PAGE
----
7. Padma Kadag says:

    You may say and it is easy to say " i have faith that we all do. Because I truly believe that it is our nature, and that the ego is really just illusory." but you also said, " We all know that moment of bliss, where our ego melts away and all that is left is a feeling of absolute unity, complete perfection, perfect love." Those two statements are two entirely different animals. You are saying we have all experienced bliss beyond ego. Not all bliss is beyond ego..in fact I would say what people generally think of as bliss is really a state of pleasure devised by the ego. This is my point. Now we also must say that bliss is a word and a concept…nothing more. I do believe there is a bliss. But bliss without the realization of it's empty nature is pleasure…nothing more.

  8. Padma Kadag says:

    " I DO think though that we all know moments of bliss. For some it is in the moment of orgasm. For others, a good piece of chocolate. Or the look in a childs eyes. Those are moments when (whether through the senses, or emotions, or physical / energetic body) we experience our divine esssence: what we really are, beneath the veil of illusory experience." Please tell me what the result would be to your subtle body or consciousness if you were to prolong this socalled bliss as provided by eating chocolate or the look in a child's eyes for the remainder of your lifespan? I would like to know if you would attain something positive and useful by doing this.

  9. Ben Ralston Ben_Ralston says:

    Padma, with love:
    first off, I don't understand your statement that two of the things I said are 'different animals'. Do you mean they are contradictory? If so, please tell me why, because I don't see it.
    Next, I believe that *all* bliss is beyond ego. Bliss by it's nature is beyond ego. Anything touched by the ego is not Bliss – it's pleasure. Maybe very heightened pleasure, but anyone who is self-aware enough to know the difference, cannot confuse the two. However, 'how many people are self-aware' is another question entirely…
    So, you said that your point was to do with pleasure versus bliss, and on this I'm sure we agree… I'm not sure what we really disagree about :)
    You are clearly Buddhist, right? I gather that from your mentioning emptiness so much. Well, at that moment when one tastes the chocolate, or experiences orgasm, or is completely in love (with a partner, or a child, or a flower, or whatever)… in that moment I believe there *is* an emptiness – by which I mean that everything else disappears (the world stops, and ego dissolves into that empty moment of bliss). So again, I believe we are in agreement. There is an emptiness together with the bliss: isn't there? So why can't we call it bliss??
    And to answer your last question: "Please tell me what the result would be to your subtle body or consciousness if you were to prolong this socalled bliss as provided by eating chocolate or the look in a child's eyes for the remainder of your lifespan?"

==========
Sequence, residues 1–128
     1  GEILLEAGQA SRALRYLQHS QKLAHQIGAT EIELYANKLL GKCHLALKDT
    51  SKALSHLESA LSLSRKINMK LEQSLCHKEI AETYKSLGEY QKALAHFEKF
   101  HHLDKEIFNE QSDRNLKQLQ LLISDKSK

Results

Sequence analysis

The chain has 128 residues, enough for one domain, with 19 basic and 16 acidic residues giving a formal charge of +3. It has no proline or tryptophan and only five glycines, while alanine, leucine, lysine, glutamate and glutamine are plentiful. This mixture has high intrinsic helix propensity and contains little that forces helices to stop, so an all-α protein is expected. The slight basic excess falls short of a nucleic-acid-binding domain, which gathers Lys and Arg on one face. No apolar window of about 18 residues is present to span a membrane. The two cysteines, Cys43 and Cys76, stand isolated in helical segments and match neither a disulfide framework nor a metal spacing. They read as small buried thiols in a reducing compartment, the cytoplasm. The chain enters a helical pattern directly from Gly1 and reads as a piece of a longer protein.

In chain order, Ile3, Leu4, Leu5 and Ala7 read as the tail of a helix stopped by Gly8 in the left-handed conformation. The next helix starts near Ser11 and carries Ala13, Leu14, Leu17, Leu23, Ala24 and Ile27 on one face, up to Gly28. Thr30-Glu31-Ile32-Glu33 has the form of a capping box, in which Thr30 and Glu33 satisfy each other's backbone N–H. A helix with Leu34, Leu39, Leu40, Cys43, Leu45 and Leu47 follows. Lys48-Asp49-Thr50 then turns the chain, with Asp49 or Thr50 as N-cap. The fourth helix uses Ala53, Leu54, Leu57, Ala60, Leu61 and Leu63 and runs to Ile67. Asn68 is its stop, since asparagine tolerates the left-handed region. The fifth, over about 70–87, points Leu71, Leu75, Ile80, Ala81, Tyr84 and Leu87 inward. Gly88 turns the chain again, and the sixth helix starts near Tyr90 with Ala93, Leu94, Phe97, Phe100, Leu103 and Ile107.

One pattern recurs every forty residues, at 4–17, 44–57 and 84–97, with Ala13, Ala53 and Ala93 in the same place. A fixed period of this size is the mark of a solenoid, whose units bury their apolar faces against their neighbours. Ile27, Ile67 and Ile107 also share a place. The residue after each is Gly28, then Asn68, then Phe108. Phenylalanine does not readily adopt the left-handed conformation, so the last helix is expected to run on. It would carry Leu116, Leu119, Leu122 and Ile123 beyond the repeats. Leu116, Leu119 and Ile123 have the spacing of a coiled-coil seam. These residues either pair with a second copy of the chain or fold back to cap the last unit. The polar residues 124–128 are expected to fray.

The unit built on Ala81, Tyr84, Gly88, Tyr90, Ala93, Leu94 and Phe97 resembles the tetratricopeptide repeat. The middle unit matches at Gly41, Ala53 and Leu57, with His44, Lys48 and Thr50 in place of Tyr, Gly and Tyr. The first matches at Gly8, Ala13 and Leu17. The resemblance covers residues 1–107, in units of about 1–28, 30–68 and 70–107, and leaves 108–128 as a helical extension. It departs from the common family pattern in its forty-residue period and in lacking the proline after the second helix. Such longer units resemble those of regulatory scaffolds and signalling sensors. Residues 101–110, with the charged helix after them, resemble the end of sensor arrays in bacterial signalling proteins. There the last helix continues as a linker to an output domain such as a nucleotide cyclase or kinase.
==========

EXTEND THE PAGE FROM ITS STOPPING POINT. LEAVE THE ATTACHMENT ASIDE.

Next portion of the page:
I believe that if you were able to remain in that state of bliss for the rest of your lifespan, the end result would be a blissful lifespan. You would be detached from the need for more chocolate too! Whether that's positive or not is entirely subjective. To me, it would be pretty positive though! And I suspect my wife, child, family, and anyone I came into contact with would benefit too…

    • Padma Kadag says:

      Our point of disagreement is that all Bliss is beyond ego…This cannot be true. Without the reference of the ego how are we to understand bliss? We can easily say that all is empty. Many buddhists love saying that even without any idea what that truly means. I thought from your original piece that your lovely writing was just as it is…bliss is a path worthwhile. I think this is really just a continuance of the current notion that "following your bliss" is actually what any of the great masters did for example. The buddha looked bliss in the eye and saw that it was nothing more than a concept and so went beyond nirvana. Many people are making a business of promising bliss and providing it. Bliss easy. It is for sure a money maker. This is a very dangerous game. Ecstasy…bliss..whatever.. is pleasure and nothing more. We have all been seeking pleasure all of our lives and it has brought war, death, sickness, and so on. This is nothing new

  10. Padma Kadag says:

    One more thing…" Well, at that moment when one tastes the chocolate, or experiences orgasm, or is completely in love (with a partner, or a child, or a flower, or whatever)… in that moment I believe there *is* an emptiness – by which I mean that everything else disappears (the world stops, and ego dissolves into that empty moment of bliss). So again, I believe we are in agreement. There is an emptiness together with the bliss: isn't there? So why can't we call it bliss?? "
    In regard to that statement…no I do not agree. Many books have said what you have stated here but it does not make the "emptiness" true. Emptiness is not "nothing ness". Nothing "dissappears" as you say. If we push away negative and seek only bliss then we are continuing the cycle of samara as we have always been doing since we have remained in delusion and continue to remain. Tell me the difference between pleasure and pain…is there a difference?